CHCHD10-related disorders are characterized by a spectrum of adult-onset neurologic phenotypes that can include: Mitochondrial myopathy (may also be early onset): weakness, amyotrophy, exercise intolerance. Amyotrophic lateral sclerosis (ALS): progressive degeneration of upper motor neurons and lower motor neurons. Frontotemporal dementia (FTD): slowly progressive behavioral changes, language disturbances, cognitive decline, extrapyramidal signs. Late-onset spinal motor neuronopathy (SMA, Jokela type): weakness, cramps, and/or fasciculations; areflexia. Axonal Charcot-Marie-Tooth neuropathy: slowly progressive lower-leg muscle weakness and atrophy, small hand muscle weakness, loss of tendon reflexes, sensory abnormalities. Cerebellar ataxia: gait ataxia, kinetic ataxia (progressive loss of coordination of lower- and upper-limb movements), dysarthria/dysphagia, nystagmus, cerebellar oculomotor disorder. Because of the recent discovery of CHCHD10-related disorders and the limited number of affected individuals reported to date, the natural history of these disorders (except for SMAJ caused by the p.Gly66Val pathogenic variant) is largely unknown.
Progressive scapulohumeroperoneal distal myopathy
MedGen UID:
905125
Concept ID:
C4225181
Disease or Syndrome
Scapulohumeroperoneal myopathy is an autosomal dominant muscle disorder characterized by slowly progressive muscle weakness and atrophy affecting both proximal and distal muscles of the upper and lower limbs. Onset is usually in the first decade and can be as early as infancy, although some patients do not notice symptoms until young adulthood. There is marked variability in severity (summary by Zukosky et al., 2015).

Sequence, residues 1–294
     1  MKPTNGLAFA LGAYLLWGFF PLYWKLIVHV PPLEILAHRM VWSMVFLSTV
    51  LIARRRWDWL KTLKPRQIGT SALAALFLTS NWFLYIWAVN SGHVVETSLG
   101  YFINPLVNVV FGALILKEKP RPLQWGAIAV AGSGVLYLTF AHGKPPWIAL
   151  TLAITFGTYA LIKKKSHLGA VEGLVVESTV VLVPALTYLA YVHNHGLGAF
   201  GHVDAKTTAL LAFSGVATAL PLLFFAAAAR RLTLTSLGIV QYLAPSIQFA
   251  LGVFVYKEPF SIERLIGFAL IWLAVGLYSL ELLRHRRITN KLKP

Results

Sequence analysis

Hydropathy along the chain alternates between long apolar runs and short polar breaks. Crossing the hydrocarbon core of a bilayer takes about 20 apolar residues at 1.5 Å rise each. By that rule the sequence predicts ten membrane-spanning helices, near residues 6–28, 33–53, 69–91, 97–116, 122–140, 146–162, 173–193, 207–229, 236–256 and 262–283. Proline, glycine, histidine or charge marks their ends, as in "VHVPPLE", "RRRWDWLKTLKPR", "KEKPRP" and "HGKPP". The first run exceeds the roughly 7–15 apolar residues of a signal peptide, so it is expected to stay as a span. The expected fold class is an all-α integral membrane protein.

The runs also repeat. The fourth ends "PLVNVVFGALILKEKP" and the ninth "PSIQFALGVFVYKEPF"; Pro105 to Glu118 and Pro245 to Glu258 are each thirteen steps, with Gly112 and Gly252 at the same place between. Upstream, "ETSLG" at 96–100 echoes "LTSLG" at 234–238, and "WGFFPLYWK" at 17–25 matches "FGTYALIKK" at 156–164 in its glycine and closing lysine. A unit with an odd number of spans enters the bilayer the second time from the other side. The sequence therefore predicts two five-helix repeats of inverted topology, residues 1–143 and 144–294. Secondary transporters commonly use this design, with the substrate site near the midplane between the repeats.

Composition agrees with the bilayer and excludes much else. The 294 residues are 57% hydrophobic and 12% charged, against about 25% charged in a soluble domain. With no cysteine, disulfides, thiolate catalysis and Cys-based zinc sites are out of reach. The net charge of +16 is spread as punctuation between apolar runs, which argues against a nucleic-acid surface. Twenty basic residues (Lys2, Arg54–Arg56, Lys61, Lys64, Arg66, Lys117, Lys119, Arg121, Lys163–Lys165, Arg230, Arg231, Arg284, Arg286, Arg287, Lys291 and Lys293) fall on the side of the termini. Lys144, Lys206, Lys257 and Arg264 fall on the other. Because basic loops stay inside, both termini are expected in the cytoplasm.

Progressive external ophthalmoplegia with mitochondrial DNA deletions, autosomal recessive 5
MedGen UID:
1648331
Concept ID:
C4748184
Disease or Syndrome
Muscular dystrophy, limb-girdle, autosomal recessive 23
MedGen UID:
1648462
Concept ID:
C4748327
Disease or Syndrome
The clinical manifestations of LAMA2 muscular dystrophy (LAMA2-MD) comprise a continuous spectrum ranging from severe congenital muscular dystrophy type 1A (MDC1A) to milder late-onset LAMA2-MD. MDC1A is typically characterized by neonatal profound hypotonia, poor spontaneous movements, and respiratory failure. Failure to thrive, gastroesophageal reflux, aspiration, and recurrent chest infections necessitating frequent hospitalizations are common. As disease progresses, facial muscle weakness, temporomandibular joint contractures, and macroglossia may further impair feeding and can affect speech. In late-onset LAMA2-MD onset of manifestations range from early childhood to adulthood. Affected individuals may show muscle hypertrophy and develop a rigid spine syndrome with joint contractures, usually most prominent in the elbows. Progressive respiratory insufficiency, scoliosis, and cardiomyopathy can occur.